What is Arthritis?
Arthritis refers to changes in our joints that cause pain and stiffness. There are many types of arthritis. The most common form that most people think of is osteoarthritis.
Osteoarthritis occurs because of ‘wear and tear’ to the joint cartilage over time, causing it to thin out and reduce the cushioning effect within your joint. This is very common in joints such as
the knees and hips. It typically develops as we get older and tends to create stiffness and pain, particularly with weight bearing. Other types of arthritis involve an inflammatory component where the process is driven by chemical changes in the body, such as rheumatoid arthritis.
What can I do about it?
This is where people often tend to think about joint replacement surgery. However, this is a very invasive surgery with a long recovery time and surgeons usually suggest that conservative (non-surgical) management should be trialed first. This is where exercise comes in. Exercise, in particular strength training, is shown to have a big positive impact on arthritic pain. Reducing body weight is also helpful. As little as 10% weight loss has been shown to have a significant effect on pain. Often arthritis gets us stuck in a pattern of declining activity, where we begin to get less mobile This causes gradual loss of strength and often results in us gaining weight, which both promote worsening of symptoms. Reversing this process through the correct exercise plan is a huge part of recovery. It is also well evidenced that improving muscle strength prior to surgery will improve our outcome if we ever decide to take that route. If pain is a big issue, getting started can be quite challenging. Beginning with short sessions is a good idea, as is choosing exercise involving less weight-bearing such as cycling, water-based exercises or those done lying down.
If you are unsure of where to begin or have any questions, feel free to book online with one of our exercise physiologits or give us a call and we can help you get started!
Gwen EstigoyExercise Physiologist
Alex BateExercise Physiologist
Deb EvenissExercise Physiologist
Gwen has a background working with adults and children with Arthritis and has extensive training with treating and managing various chronic pain conditions. With her extensive knowledge and hands-on experience, Gwen is a compassionate and skilled professional who seeks to make a lasting impact on the lives of those she works with. Gwen is dedicated to empowering individuals through exercise to improve their overall health and well-being. Adopting a bio-psychosocial approach, Gwen is committed to providing exercise interventions that are evidence based to achieve the best possible health outcomes.
One of Gwen’s particular areas of interest is creating inclusive and safe exercise spaces where everyone can access the benefits of exercise and movement. Gwen has experience working with vulnerable groups and individuals, including the LGBTQIA+ community and people from different cultural/religious backgrounds.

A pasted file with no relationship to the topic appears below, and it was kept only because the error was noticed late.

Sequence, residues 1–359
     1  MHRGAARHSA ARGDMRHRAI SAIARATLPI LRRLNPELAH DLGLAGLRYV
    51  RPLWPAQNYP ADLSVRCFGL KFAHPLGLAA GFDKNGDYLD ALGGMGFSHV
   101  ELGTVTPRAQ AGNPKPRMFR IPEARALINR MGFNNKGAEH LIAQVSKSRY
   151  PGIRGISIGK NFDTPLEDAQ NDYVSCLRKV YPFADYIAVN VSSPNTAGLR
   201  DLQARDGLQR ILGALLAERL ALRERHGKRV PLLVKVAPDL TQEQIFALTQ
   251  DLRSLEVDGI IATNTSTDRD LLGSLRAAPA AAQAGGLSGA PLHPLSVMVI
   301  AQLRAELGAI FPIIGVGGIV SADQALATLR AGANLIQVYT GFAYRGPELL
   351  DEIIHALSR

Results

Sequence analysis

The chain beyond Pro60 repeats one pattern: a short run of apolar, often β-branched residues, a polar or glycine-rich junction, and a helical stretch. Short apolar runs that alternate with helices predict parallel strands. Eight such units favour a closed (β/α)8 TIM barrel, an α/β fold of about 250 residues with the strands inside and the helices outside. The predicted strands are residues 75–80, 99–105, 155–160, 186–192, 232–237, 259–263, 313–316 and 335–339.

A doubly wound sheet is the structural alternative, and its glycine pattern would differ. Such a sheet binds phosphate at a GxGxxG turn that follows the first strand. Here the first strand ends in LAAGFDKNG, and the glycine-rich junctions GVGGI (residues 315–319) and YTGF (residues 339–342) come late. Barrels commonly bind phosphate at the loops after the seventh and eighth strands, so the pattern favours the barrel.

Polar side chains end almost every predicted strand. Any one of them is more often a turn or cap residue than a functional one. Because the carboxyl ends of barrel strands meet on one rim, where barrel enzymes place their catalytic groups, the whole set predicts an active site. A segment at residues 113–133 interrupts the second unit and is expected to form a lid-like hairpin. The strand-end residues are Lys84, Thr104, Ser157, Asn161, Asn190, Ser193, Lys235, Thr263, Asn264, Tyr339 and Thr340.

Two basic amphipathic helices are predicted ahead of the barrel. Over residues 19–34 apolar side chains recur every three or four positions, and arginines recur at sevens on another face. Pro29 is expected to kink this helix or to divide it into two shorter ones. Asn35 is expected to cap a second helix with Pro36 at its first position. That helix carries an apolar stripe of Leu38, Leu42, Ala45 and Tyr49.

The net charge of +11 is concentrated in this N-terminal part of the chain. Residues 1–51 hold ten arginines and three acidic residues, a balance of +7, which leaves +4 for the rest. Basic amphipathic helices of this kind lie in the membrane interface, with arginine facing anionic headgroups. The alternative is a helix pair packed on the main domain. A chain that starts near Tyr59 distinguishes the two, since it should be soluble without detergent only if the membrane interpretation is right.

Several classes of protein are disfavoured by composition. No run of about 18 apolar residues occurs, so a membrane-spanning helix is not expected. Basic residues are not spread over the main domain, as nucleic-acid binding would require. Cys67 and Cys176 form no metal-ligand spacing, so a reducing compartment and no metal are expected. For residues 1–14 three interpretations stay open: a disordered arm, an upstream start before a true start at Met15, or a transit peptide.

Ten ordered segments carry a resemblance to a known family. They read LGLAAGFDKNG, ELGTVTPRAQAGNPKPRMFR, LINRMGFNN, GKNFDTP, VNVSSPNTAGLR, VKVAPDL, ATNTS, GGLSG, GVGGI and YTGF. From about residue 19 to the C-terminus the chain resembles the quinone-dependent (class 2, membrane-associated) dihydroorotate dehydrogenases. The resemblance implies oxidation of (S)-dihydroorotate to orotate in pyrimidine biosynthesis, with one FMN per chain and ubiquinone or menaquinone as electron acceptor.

Outside the clinic, Gwen enjoys playing futsal, planning the next cook on the smoker/bbq, and exploring scenic routes on her motorbike.
Alex has worked as an exercise physiologist for nearly a decade in a number of private practices, seeing patients across a wide spectrum of physical abilities and exercise needs.After moving to Dynamic Motion, Alex spent time developing our exercise physiology services and building our seniors exercise class program.
He has previously been involved in a research team at University of Sydney which specialised in high-intensity exercise in older populations and people with chronic disease, where he ran a clinical trial examining resistance exercise in pre-diabetes and depression. His clinical background largely covers athletic strength and conditioning, particularly weight training; exercise in older individuals; and exercise for chronic conditions, particularly cardiometabolic conditions such as diabetes and heart disease.
He believes you’re never too old to exercise, and that keeping a habit of strength training is crucial for healthy ageing and adding life to years, as well as years to life. He is passionate about teaching people to do this safely, in a way that suits their circumstances and preferences, while addressing any specific health issues they may have.
For recreation Alex enjoys staying active by training for powerlifting, muay thai, recreational mountain biking, and exploring the Sydney outdoors with bushwalking and scuba diving.
Deb began her health and fitness career working as a personal trainer after obtaining her Certificate III and IV in Fitness. Here she developed a keen interest in healthy aging, falls prevention and cancer and exercise. Deb then decided to further her knowledge and experience by further study and becoming an exercise physiologist.
Deb has a keen interest in helping those with cancer, neurological conditions such as MS, HD, PD and stroke and brain injury survivors. More recently she has been researching and treating fatigue conditions including Long Covid, ME/CFS, POTS and EDS. Deb strongly believes that “movement is medicine” and wants to help people enjoy all that safe and healthy movement can bring.
In her spare time Deb is heavily involved in parkrun, soccer, trail running, hiking, kayaking and raising two very busy teenagers.